“The animist’s sacred obligation to understand natureEmma Restall Orr
exists in order to ensure that he knows how to live within an environment
with the least unnecessary harm.”
Without a doubt, studying and learning about Druidry is a crucial aspect of being a Druid. After all, Druidry has a strong philosophical component. However, practicing Druidry is just as critical. It is a spirituality and a way of life, as well as a philosophy. We would miss a considerable part of the journey if we simply kept our Druidic thoughts in our heads.
We come together throughout the year to facilitate the doing of Druidry. We meet for ceremonies for the eightfold wheel of the year. In between those times, we gather around to keep the fires going.
We hold celebrations and ceremonies for eight festivals in total. Four ceremonies focus on the fire festivals, while the other four ceremonies focus on solar festivals. Celebrating these festivals with ceremony is a way to honor our past & our ancestors, the present & the turning of the year, and our future & our goals. Additionally, for many Druids, they are a time to honor spirits and/or deities. They give us time to connect with each other, to bond at times of the natural crossing of our mutual paths.
Newcomers are asked to meet the group during an informal gathering before joining in a ceremony.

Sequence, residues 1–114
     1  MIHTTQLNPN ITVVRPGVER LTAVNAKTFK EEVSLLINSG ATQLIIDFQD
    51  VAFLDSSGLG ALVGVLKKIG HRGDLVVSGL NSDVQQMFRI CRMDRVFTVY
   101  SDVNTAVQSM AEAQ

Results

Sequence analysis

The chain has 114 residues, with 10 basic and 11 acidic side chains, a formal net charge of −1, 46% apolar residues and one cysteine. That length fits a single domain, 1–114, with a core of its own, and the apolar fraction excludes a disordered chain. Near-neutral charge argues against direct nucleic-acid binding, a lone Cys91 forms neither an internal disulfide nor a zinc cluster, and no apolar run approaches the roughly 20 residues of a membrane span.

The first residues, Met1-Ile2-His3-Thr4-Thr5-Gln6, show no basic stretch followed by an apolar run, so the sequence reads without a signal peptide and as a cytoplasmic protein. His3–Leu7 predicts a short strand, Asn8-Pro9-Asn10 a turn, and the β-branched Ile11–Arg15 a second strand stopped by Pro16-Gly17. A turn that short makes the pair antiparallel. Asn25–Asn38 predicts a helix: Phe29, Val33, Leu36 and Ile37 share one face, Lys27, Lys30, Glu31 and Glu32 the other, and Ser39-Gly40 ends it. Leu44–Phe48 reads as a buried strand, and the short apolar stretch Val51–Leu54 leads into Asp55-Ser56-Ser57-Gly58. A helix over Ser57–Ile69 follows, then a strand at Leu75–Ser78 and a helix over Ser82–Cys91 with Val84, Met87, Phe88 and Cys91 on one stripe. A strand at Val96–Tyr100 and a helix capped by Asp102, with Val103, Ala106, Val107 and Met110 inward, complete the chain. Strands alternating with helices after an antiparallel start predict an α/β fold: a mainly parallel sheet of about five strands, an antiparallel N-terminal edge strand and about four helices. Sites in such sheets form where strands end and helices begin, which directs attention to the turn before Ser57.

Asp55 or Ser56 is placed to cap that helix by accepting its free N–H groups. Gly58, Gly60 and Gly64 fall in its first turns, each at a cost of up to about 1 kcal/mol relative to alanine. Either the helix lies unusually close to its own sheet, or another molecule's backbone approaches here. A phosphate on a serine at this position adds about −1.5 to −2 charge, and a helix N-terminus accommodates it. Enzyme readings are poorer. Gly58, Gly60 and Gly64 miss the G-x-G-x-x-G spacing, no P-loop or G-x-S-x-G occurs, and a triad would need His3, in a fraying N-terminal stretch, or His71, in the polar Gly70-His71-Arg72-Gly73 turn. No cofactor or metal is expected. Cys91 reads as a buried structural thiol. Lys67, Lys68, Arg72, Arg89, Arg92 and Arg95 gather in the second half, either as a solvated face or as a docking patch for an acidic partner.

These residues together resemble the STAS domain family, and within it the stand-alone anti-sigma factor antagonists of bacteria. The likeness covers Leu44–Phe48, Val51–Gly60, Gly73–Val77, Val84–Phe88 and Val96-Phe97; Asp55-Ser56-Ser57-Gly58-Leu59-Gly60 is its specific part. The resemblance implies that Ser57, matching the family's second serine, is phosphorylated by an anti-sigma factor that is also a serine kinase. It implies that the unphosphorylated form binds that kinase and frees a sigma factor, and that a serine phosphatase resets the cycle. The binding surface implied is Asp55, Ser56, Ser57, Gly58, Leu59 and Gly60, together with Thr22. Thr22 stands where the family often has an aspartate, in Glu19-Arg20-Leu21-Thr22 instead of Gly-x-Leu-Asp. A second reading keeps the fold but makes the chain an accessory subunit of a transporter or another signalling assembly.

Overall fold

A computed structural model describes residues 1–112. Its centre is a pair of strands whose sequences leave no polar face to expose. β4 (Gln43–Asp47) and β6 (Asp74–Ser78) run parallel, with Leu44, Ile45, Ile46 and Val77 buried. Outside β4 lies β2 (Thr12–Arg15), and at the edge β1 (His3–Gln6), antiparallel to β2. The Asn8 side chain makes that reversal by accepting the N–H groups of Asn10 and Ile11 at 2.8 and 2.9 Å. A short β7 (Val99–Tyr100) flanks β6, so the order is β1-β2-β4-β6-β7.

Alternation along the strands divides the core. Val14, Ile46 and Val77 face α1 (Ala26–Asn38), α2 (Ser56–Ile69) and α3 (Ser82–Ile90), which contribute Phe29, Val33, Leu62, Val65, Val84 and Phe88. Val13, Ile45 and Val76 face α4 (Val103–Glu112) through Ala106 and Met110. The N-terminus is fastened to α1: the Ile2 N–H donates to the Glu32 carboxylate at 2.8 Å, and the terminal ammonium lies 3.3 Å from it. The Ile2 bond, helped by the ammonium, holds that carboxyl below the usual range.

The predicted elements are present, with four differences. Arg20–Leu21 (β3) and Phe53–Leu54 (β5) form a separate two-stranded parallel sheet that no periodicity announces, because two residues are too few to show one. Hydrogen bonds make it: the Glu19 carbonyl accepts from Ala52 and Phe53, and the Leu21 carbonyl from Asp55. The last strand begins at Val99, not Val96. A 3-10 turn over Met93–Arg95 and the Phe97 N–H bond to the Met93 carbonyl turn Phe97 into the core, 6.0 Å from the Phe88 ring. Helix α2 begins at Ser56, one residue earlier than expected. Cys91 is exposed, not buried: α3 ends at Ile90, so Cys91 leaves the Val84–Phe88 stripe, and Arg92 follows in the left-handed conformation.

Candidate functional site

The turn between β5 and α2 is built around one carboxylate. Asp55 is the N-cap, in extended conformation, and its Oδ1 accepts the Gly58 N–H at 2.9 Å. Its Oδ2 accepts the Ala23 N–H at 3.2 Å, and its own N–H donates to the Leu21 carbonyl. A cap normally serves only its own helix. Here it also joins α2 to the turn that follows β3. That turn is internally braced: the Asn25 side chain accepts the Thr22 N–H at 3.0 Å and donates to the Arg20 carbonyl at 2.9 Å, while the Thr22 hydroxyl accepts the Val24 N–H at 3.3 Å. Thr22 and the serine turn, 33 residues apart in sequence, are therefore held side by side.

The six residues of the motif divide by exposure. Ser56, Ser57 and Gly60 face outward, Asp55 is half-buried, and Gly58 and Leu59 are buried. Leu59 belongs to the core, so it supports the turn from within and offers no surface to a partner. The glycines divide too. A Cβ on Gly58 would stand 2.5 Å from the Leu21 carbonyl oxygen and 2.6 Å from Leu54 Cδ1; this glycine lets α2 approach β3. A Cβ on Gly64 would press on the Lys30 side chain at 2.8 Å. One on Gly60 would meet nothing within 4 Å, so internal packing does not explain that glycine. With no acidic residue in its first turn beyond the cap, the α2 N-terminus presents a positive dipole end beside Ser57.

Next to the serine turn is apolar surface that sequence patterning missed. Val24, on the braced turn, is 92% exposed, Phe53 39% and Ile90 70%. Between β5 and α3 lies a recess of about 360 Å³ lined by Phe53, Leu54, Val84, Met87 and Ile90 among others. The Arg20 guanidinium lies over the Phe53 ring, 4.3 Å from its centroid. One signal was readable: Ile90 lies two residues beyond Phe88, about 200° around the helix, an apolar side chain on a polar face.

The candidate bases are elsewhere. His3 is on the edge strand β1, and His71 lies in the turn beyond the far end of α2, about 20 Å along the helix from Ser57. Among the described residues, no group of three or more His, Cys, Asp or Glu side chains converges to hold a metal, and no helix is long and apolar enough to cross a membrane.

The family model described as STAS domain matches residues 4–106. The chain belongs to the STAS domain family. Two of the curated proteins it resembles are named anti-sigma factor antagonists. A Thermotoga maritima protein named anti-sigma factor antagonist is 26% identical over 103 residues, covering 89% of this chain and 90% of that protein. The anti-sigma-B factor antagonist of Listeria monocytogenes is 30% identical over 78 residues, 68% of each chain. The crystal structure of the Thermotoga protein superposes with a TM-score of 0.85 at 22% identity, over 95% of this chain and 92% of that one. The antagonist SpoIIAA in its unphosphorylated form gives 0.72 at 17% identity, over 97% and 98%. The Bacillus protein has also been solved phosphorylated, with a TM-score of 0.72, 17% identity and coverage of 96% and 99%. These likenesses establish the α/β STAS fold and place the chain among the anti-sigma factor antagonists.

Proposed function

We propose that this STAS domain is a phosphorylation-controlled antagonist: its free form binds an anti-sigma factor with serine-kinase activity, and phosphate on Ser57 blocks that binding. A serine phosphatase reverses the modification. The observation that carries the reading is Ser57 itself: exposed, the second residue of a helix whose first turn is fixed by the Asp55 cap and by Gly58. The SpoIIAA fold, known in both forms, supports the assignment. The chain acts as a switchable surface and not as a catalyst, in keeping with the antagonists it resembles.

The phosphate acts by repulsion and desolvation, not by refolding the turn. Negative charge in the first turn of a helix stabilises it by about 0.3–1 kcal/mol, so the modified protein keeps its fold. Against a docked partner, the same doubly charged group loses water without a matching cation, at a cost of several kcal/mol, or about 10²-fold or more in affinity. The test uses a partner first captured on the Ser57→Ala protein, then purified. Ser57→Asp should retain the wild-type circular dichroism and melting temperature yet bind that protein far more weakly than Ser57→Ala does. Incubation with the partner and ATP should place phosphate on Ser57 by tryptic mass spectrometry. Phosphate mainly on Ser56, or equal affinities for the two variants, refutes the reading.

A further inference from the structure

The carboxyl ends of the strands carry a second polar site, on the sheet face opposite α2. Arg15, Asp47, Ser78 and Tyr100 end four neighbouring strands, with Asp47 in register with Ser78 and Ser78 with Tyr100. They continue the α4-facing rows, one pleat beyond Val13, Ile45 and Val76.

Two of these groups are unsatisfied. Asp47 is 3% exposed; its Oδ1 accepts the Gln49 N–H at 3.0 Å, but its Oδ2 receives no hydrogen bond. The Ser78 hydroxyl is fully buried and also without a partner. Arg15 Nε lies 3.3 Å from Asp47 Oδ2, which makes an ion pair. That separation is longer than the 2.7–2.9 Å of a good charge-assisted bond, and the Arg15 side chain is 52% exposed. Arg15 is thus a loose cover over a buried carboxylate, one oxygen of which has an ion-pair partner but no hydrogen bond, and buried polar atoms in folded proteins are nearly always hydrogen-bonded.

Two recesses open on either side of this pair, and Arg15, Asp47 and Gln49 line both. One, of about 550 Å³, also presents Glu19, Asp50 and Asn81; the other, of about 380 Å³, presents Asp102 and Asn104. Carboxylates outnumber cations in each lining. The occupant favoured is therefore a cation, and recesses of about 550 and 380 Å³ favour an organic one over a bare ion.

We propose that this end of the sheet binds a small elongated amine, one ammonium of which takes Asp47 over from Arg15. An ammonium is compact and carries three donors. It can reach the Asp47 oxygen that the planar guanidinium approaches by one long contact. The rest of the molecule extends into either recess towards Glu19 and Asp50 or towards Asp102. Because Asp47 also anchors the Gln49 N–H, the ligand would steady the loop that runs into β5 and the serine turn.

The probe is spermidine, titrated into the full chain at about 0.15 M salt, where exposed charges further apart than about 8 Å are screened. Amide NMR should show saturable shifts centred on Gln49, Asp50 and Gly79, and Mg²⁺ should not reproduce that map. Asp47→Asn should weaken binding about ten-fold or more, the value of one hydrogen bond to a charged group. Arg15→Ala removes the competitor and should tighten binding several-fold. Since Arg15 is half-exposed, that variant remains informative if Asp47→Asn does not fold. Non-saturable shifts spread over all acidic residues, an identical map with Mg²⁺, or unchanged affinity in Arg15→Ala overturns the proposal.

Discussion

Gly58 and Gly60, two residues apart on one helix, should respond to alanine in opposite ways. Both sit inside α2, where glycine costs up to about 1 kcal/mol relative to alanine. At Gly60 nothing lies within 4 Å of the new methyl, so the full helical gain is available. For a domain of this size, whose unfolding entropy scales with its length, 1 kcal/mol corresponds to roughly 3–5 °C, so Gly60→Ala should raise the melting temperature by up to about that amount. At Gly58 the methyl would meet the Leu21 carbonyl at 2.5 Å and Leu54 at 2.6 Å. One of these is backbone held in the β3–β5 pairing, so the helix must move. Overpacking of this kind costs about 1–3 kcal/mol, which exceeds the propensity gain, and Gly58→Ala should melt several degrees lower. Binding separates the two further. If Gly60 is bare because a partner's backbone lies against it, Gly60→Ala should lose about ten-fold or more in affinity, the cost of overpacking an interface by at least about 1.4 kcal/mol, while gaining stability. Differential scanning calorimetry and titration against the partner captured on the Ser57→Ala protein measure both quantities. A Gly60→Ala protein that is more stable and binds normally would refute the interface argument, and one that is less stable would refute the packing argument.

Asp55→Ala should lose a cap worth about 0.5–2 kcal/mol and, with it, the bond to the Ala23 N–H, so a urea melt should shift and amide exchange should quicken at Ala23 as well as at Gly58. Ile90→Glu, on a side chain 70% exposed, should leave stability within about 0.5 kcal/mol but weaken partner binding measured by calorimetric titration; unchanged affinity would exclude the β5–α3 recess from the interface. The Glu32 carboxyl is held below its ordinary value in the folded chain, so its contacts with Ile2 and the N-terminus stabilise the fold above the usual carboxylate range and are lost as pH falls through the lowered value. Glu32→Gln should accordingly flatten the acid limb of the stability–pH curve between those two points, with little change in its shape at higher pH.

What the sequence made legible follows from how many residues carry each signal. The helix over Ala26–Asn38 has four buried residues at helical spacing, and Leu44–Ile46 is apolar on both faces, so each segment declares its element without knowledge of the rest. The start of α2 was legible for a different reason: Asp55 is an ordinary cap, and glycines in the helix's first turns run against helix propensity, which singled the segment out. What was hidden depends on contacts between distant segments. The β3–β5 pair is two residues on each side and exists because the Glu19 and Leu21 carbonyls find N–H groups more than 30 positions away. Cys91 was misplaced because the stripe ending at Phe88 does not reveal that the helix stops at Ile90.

The solar festivals are also known by their Welsh names.
Winter Solstice: Alban Arthan (Light of the Bear)
Spring Equinox: Alban Eilir (Light of Spring)
Summer Solstice: Alban Hefin (Light of Summer)
Autumn Equinox: Alban Elfed (Light of Autumn)
Our ceremonies happen eight times a year. Gatherings are a way to keep our practices going, to check-in with ourselves and each other on our goals and progress, and to keep the spirit of the season alive. Gatherings create opportunities for us to hold smaller “in-between” celebrations. They also provide excellent times for holding an eisteddfod!
Our 2023 calendar is below. Dates may change, as needed. For ceremonies, we try to strike a balance between convenience (e.g., the nearest Saturday) and the actual date. We also host some evening ceremonies.
We generally hold one or two informal gatherings between each festival. They tie-in to the preceding festival (e.g., a gathering after Alban Eilir will reflect back on what was learned and celebrated on the Spring Equinox). In this way, we give continual attention to the turning of the wheel of the year. These are usually on Saturdays, starting around noon.